New laws on gratuities mean that businesses in hospitality – restaurants, hotels, taxis, hairdressers, delivery services, among others – must distribute all tips, gratuities, and service charges received by electronic means fairly to staff, including contractors, working in the business.

Businesses must clearly display their policy on how tips, gratuities and service charges are distributed and must have a written policy for staff to understand how they are shared. When gratuities are distributed, the employer must provide a statement to workers showing the amount received and the share to each employee or contract worker in that period.

Employers are obliged to decide on the policy they choose regarding distributing tips or gratuities and it must be included in the employee’s core terms within five days of starting work with the business.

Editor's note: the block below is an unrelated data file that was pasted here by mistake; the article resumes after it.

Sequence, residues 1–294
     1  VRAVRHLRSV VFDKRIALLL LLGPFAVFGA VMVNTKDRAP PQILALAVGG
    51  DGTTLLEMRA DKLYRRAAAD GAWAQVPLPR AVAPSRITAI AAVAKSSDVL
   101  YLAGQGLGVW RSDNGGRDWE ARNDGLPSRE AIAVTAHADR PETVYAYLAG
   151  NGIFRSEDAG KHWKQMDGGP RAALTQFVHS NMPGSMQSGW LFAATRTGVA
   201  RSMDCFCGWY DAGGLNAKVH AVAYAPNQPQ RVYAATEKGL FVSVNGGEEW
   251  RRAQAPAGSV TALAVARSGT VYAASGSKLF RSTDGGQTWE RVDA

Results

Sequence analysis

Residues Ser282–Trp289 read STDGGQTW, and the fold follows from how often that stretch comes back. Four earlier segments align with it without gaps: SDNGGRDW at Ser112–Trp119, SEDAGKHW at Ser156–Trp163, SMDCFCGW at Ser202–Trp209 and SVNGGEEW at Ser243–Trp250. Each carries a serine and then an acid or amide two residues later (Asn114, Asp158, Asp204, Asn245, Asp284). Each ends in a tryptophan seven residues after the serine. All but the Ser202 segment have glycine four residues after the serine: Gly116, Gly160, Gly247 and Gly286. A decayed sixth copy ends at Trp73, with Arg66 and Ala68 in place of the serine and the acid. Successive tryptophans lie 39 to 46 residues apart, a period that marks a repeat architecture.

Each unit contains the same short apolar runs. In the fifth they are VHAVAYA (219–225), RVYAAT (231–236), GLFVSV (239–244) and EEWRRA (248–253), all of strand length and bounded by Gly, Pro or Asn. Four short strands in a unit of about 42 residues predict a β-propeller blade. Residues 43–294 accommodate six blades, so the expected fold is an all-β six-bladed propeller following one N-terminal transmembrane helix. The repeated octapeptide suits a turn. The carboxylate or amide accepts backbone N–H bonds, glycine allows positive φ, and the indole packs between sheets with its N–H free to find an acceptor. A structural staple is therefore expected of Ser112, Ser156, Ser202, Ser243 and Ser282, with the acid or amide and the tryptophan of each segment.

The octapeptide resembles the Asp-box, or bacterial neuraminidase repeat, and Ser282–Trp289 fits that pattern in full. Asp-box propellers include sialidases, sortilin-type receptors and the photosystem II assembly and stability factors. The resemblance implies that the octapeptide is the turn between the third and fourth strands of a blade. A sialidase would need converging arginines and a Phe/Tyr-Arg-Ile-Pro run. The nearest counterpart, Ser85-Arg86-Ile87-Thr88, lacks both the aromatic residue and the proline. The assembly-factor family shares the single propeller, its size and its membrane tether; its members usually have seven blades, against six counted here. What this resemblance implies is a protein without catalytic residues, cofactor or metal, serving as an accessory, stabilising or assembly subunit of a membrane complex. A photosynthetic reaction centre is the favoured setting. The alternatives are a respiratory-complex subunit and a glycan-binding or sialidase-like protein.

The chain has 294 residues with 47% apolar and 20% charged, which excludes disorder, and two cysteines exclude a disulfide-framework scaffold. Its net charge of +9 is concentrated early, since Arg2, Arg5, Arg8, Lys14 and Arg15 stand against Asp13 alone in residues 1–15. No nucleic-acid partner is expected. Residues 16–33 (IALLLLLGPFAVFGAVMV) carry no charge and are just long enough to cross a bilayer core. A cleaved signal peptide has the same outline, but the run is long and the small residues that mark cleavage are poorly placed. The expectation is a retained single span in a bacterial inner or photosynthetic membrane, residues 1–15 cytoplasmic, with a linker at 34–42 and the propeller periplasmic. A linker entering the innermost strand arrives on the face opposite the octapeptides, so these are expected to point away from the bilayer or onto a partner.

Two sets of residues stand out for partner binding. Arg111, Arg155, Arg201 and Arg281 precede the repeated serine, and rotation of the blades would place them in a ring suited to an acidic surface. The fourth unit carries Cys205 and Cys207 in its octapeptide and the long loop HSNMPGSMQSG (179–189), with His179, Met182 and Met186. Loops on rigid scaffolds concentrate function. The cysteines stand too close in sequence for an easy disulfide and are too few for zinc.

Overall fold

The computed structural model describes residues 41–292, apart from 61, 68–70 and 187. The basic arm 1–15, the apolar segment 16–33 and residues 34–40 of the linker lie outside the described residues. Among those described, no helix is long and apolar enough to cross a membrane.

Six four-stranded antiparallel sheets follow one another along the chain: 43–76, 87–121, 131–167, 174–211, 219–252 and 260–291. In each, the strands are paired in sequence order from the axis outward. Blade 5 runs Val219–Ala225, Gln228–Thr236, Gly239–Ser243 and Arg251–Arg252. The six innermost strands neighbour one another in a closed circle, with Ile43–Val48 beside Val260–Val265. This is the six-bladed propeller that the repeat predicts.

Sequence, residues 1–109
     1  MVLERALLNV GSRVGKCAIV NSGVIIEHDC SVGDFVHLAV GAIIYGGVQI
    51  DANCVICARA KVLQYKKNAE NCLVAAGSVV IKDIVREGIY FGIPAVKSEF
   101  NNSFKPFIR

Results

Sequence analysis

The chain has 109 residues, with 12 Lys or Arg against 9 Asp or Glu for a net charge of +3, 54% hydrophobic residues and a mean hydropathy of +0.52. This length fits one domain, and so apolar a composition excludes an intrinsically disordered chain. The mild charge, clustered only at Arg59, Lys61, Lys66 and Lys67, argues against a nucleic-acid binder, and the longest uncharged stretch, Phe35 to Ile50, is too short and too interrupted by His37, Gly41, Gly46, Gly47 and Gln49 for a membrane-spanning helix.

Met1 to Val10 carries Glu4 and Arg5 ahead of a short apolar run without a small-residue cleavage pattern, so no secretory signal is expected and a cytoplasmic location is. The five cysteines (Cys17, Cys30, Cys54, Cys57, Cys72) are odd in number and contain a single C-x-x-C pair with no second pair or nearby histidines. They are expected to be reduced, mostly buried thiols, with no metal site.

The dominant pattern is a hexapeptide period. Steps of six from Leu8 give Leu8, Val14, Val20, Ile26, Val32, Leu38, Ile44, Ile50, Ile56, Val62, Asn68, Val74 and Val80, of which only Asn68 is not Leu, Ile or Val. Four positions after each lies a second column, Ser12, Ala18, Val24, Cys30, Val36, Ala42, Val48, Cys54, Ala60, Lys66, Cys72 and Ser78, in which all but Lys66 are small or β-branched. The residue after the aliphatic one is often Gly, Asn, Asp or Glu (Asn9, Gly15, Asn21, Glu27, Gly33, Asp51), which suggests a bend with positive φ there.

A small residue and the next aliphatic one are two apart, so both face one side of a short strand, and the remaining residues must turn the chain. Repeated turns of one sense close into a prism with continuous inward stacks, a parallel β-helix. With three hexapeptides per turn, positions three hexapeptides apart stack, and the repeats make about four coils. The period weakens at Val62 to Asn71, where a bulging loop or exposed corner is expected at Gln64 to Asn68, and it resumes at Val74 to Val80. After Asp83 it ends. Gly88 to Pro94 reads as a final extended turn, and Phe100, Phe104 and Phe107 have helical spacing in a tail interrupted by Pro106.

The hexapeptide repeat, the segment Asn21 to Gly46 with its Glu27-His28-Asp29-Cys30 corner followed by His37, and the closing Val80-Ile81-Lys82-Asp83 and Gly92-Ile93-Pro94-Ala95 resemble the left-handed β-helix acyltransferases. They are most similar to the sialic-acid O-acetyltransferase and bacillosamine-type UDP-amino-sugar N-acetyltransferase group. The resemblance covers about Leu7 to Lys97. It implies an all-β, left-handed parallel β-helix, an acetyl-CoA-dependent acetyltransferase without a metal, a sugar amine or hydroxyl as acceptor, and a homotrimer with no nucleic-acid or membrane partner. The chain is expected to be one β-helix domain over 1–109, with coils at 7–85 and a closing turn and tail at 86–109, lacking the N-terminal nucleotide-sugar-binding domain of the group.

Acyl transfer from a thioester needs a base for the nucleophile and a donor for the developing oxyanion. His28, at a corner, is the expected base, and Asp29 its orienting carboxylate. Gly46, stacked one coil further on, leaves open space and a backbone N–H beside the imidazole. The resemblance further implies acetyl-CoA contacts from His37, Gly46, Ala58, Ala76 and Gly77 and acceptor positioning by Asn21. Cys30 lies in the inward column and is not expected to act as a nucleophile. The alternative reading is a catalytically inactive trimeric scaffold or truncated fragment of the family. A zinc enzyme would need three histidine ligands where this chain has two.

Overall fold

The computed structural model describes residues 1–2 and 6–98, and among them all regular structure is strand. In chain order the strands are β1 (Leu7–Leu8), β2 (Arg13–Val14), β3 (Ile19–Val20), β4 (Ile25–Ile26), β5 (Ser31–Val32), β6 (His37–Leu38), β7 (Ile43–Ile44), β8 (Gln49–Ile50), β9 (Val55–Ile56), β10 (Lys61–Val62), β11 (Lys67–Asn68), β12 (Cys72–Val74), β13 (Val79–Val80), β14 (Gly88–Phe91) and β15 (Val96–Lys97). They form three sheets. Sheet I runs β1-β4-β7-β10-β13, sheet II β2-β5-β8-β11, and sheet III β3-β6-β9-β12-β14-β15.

The policy must take into account the experience of the employee; the revenue generated by the them; the hours worked; whether the employee is full or part-time; the role of the employee; and the method of distribution of tips to employees.

If an employee is not satisfied with the policy or their compensation, they can lodge a complaint with the Workplace Relations Commission (WRC) which can include unlawful deductions, failure to distribute tips in a fair manner; unlawful retention by the employer of tips.

For more detail on the new rulings on Tips and Gratuities, visit the WRC website at

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